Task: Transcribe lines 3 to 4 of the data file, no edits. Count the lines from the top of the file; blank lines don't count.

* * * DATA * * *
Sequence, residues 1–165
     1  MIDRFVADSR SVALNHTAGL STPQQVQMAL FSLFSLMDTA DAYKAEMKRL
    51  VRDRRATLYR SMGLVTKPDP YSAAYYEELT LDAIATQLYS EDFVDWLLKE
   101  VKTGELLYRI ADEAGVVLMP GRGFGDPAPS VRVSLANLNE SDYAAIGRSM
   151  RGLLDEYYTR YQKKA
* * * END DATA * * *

    51  VRDRRATLYR SMGLVTKPDP YSAAYYEELT LDAIATQLYS EDFVDWLLKE
   101  VKTGELLYRI ADEAGVVLMP GRGFGDPAPS VRVSLANLNE SDYAAIGRSM